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Gun raffle rakes in money, divides community

The 330 tickets sold quickly at $10 apiece, according to the league’s Facebook page, bringing in $1,590, but some parents and other adults in the league said the raffle divided the community.

“There are definitely ways to raise money without raising such controversy,” said Betty Bundy, who has two daughters who play in the league and who has also served as a president of the association. In the past, the league has sold candy bars and held softball clinics to raise money, Bundy said. Another woman said she would just have soon bought a raffle ticket for a massage.

The AR-15, and other similar firearms, have been at the center of a nationwide debate over gun control ever since a gunman opened fire at an elementary school in Newtown, Conn., last December, killing 20 students.

The league’s rifle was purchased for the raffle by Jeff Kroll, who is not a board member, Bundy said. Kroll could not be reached for comment, but in a Facebook post said the rifle cost $1,300. At the time, he estimated it would bring in a profit of approximately $1,700.

Youth softball players in the league did not sell the raffle tickets and the winner of the raffle will have to go through a state background check, “just the same as if they were going into any sporting good/gun store and buying a firearm themselves,” Kroll wrote.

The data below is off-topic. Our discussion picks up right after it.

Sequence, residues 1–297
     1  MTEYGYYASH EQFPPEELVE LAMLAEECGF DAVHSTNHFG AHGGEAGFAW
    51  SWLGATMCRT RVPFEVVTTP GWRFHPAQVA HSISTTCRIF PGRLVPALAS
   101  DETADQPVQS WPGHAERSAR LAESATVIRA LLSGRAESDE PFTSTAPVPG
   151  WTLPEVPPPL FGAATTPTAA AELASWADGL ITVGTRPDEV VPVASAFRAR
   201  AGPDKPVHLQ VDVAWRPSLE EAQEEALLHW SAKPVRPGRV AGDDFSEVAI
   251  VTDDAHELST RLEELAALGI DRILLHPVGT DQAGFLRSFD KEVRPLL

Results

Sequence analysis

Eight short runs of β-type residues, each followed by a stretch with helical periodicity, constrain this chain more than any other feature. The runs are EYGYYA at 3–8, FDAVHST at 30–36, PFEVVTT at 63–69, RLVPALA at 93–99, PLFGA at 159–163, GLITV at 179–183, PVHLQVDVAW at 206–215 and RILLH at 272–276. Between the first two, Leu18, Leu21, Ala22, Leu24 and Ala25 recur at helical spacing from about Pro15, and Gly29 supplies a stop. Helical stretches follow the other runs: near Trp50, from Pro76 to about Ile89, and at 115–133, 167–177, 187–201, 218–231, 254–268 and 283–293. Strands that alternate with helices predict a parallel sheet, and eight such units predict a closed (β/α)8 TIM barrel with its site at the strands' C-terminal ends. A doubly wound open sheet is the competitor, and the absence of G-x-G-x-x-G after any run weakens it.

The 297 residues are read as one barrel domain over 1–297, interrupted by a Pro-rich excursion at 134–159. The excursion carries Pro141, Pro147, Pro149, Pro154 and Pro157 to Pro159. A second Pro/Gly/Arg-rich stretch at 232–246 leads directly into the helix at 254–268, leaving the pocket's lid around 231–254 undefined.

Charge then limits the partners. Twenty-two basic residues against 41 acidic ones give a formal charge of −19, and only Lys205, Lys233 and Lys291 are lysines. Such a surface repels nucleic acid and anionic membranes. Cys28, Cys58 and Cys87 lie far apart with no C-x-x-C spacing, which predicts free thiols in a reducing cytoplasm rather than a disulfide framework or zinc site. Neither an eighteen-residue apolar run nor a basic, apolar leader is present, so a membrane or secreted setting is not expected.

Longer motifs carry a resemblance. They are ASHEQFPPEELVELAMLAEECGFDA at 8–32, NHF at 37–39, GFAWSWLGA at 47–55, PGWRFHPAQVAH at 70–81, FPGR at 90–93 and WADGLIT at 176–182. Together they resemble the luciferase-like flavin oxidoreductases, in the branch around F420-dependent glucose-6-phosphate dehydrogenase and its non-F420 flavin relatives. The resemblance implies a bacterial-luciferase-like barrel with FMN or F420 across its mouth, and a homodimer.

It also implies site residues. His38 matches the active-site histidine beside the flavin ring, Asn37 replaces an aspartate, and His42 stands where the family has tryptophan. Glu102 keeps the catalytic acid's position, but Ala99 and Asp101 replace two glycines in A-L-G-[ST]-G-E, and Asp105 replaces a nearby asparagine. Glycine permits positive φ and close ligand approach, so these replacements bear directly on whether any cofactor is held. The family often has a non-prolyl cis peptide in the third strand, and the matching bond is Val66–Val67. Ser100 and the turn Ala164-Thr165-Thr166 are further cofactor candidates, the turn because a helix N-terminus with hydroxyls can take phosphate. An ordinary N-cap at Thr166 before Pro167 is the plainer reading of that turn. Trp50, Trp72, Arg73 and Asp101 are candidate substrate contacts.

Bundy emphasized that she is not against gun ownership. There are guns in her house, she said. But, “When I saw the flier [for the raffle], my heart sank,” she said. “It’s just opening up something the league and the people in it shouldn’t have to deal with.”

She and others in the league association say board members made the decision without consulting them. They said when they posted their concerns on the league’s Facebook page, many of these comments were deleted. On March 20, however, the league kept a number of comment threads up and replied to some comments.

The Spotlight could not reach members of the board and board president Devin Degraffenreid did not return a phone call from the Spotlight.

“We do not have to defend anything that we have done because we haven’t done anything wrong,” read a Facebook comment from the league, replying to an announcement from Bundy that she would be organizing a public forum for March 21 for anyone who wanted to voice their opinion about the raffle.

“We are sorry that we have upset some parents but we just raised $2,000 for our kids to get new equipment and to get some field work done,” the league’s comment continued. “We are not going to keep talking about this raffle.”

A similar raffle was recently held in Atwood, Ill., to raise money for a little league team. Within the first few days, the raffle raised thousands of dollars.

The St. Helens Girls Softball league’s next board meeting is March 28 at 7 p.m. at the Best Western in St. Helens. Because of the Spotlight’s publishing schedule, it was not possible to include a report on the March 21 community meeting Bundy organized.

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